By Winnie Kabintie
The rot in the Ministry Of Health (MOH) has been brought to the fore after USAID suspended $21m funding for activities carried out by a number of the Ministry’s departments over corruption and weak accounting procedures.
In a statement issued on Monday, the US said that the move is intended to ensure that “health care spending reaches those in need, and to protect US taxpayer money”.
Brian Woody, USAID Kenya and East Africa Contracting Officer, however, said that funding for procurement of commodities and equipment related to life-saving treatment, prevention, outbreak or emergency response have been exempted.
The suspension will see salaries and wages for project coordinators, administrative staff, accountants, supply chain officers, financial officers, field epidemiology and laboratory training program staff cut.
Funding for domestic, international travel and activities undertaken during such trips like training, conferences, site visits and conventions have also been suspended together with other activities like meetings, events, and workshops as well as the printing of communication material such as brochures, training materials, and guidance documents.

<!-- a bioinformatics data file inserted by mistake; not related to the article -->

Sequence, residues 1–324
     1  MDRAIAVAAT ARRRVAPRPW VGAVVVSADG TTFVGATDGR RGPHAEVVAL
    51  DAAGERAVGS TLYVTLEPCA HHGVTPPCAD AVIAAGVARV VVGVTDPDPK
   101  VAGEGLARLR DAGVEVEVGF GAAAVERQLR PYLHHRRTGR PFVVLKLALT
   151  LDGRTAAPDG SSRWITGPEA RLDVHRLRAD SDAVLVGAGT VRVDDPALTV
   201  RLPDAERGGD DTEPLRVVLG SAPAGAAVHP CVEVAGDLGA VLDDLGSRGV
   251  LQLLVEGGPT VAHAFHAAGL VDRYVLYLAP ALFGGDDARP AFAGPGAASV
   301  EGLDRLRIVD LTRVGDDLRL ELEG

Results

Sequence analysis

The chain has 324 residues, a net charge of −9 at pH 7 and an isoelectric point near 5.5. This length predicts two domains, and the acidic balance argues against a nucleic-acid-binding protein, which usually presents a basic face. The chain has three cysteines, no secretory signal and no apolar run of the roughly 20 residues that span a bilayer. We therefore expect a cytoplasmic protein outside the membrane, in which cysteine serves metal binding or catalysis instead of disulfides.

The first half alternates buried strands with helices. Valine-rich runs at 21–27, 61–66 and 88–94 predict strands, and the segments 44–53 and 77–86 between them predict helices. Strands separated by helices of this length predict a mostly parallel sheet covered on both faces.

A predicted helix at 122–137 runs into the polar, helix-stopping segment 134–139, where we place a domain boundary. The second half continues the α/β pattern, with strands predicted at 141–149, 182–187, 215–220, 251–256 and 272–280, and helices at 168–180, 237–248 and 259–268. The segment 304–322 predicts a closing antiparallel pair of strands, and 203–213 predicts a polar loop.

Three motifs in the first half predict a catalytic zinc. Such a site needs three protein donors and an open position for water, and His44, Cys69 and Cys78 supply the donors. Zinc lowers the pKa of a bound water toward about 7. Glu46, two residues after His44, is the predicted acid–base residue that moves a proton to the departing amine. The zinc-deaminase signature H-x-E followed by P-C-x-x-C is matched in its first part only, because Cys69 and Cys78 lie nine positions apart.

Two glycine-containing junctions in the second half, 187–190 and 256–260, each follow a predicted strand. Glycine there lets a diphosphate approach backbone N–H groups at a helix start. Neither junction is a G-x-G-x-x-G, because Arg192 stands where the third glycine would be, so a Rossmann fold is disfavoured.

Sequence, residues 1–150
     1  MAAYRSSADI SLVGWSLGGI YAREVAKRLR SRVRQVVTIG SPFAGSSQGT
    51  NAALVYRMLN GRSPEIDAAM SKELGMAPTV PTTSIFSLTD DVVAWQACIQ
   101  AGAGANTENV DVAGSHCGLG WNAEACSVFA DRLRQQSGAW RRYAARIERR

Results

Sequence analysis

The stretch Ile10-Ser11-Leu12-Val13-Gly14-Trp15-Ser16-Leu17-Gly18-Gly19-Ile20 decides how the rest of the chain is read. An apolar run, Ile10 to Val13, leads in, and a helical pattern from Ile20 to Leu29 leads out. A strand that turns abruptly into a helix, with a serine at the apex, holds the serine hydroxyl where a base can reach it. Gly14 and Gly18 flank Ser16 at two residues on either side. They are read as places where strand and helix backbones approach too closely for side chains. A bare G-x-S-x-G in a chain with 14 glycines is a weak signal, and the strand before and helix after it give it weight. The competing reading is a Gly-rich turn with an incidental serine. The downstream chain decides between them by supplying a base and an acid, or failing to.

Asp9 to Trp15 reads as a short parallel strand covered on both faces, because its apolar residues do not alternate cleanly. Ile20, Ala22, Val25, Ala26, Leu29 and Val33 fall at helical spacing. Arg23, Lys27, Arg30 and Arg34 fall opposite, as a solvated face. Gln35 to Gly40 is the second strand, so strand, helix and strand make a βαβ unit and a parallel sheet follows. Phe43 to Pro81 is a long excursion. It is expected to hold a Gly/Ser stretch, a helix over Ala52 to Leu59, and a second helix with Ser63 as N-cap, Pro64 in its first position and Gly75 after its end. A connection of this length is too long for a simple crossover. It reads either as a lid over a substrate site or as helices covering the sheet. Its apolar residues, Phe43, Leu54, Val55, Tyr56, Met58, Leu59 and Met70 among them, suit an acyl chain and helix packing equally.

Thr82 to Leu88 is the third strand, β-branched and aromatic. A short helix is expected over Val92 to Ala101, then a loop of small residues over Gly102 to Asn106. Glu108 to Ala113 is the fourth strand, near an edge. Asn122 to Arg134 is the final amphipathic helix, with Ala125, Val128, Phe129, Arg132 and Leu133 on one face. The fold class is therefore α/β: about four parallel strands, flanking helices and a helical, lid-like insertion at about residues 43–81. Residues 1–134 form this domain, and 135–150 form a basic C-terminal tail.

“If your organization is directly impacted by this suspension you will receive a separate letter suspending activities and assistance to the MoH.”
The statement says the suspension will be in effect until such a time specific conditions have been met but doesn’t list the conditions.
Afya House Scandal
An expose by the Business Daily in October last year revealed how Sh 5 billion was looted in Afya house in a mode similar to the Sh 791NYS scandal.
Nation media group (NMG), which runs the paper was forced to reprint copies of that day’s edition after a cartel bought off all the copies from vendors by6am, in an effort to stop the story from getting in the public domain.
The government, as usual, denied that there was any money lost.
Trump’s threat to cut aid coming to birth?
Observers are also linking the USAID suspension on funding to president Trump’s controversial policies on aid.
Trump has in his manifesto said that he will cut overseas aid, a decision that he reiterated even after his election on various interviews.
The US is the world’s biggest bilateral aid donor and Africa is a key recipient.
Kenya particularly has been said to be one of the African countries that will feel the weight of change of guard in the White House if initiatives like PEPFAR are curtailed.
When Obama visited Kenya in July 2015, he signed an MOU with President Uhuru Kenyatta that would see the US support the country in reducing child mortality from HIV/Aids and the prospect of that agreement remains unsealed. Last year, PEPFAR funding to Kenya increased to USD483 million.